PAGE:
Roger Daltrey – As Long As I Have You

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Who frontman pays respects to some of his personal favourites on ninth solo album.

Image of Roger Daltrey – As Long As I Have You

Nine solo albums in (and a quarter century since his last) and now at the ripe age of 74 young years, The Who’s frontman Roger Daltrey can be forgiven for not wanting to push music boundaries with an innovative, new sound no-one has heard of. What As Long As I Have You offers is a predominantly covers-based set consisting of eleven songs, seven of which Pete Townshend contributes guitar on, and a full band sound equal to Daltrey’s masterly, rock-opera vocal.

The opening title track finds Daltrey emulating Garnet Mimms’ original version with an uplifting, rejuvenated return to R’n’B, supported by horns, keys, bass, and gospel backing. However, How Far slides away from Mimms’ slums into banjo strings and a country rock sound, followed by an organ-led, country take of Dusty Springfield’s Where Is A Woman To Go?, re-titled Where’s A Man To Go?. If beat poet Jack Kerouac’s On The Road was the shining light behind Daltrey’s choice of material, then it would not be an entire shock; it’s all dollar bills and jukeboxes from the London-born singer.

Daltrey’s snarl returns on the anti-war sentiments of Parliament’s 1970 monster Come In Out Of The Rain, re-titled Get On Out The Rain. Electric guitar and keyboards fade away for Daltrey’s compassionate delivery of Boz Scaggs (Steve Miller Band) I’ve Got Your Love, sped up by Townshend’s alluring guitar.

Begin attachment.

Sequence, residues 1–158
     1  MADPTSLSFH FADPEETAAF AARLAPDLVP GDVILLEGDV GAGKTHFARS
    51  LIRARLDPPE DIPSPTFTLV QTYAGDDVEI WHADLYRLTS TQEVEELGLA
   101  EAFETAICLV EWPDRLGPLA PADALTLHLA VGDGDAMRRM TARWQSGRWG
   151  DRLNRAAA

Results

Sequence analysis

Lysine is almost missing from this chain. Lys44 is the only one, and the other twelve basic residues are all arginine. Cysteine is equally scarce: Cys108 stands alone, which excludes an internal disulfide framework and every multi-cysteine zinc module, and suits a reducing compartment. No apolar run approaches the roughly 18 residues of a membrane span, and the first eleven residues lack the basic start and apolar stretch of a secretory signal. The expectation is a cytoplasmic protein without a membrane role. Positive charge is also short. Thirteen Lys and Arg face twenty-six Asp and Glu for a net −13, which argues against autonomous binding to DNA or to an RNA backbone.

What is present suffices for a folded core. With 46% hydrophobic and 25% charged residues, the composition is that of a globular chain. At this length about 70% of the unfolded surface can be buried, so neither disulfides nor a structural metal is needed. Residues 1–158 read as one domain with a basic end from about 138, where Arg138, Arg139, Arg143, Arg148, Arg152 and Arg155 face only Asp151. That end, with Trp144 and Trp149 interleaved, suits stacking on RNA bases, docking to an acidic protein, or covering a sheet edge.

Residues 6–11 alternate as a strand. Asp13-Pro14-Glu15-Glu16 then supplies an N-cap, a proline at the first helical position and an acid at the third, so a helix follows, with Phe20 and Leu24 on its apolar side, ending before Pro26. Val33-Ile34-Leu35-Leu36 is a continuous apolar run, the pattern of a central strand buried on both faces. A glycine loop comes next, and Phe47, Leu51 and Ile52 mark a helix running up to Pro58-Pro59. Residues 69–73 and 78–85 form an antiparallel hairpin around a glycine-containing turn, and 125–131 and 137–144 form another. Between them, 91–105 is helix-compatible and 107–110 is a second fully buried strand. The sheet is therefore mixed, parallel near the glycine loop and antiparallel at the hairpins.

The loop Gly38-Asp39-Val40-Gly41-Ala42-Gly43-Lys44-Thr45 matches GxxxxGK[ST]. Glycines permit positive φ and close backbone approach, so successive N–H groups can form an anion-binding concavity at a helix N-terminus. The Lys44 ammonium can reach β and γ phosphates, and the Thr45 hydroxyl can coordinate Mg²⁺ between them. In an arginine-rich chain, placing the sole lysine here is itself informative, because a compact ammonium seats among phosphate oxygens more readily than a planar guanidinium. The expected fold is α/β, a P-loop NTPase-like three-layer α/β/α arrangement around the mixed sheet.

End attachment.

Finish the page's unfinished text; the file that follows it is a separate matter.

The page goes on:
Arguably the most similar-sounding cover on the record is the divine Into Your Arms by Nick Cave. Daltrey is wise enough to not over-egg the vocal and remains true to Cave’s original sentiment, accompanied only by a piano. In contrast, a thick electric guitar sound and rock n’roll tampering of Stevie Wonder’s You Haven’t Done Nothing is supported and delivered in full by horns and gruff, unquestionable Daltrey bluster.

It is the lively horns and seraphic gospel support which keeps Daltrey’s record sounding as authentic as the beginning of his career half a century ago. With further nods to The Five Keys and Joe Tex, Daltrey allows his own songs some breathing space with the tender-hearted Certified Rose and ballad Always Headed Home closing the record awash with violins and piano.

There are not many artists who can command respect in the way Roger Daltrey does, but it is the respect he shows to the innovators which allows that respect to be returned in full. The record’s title is both a mutual appreciation for those before him, and what we have for Roger.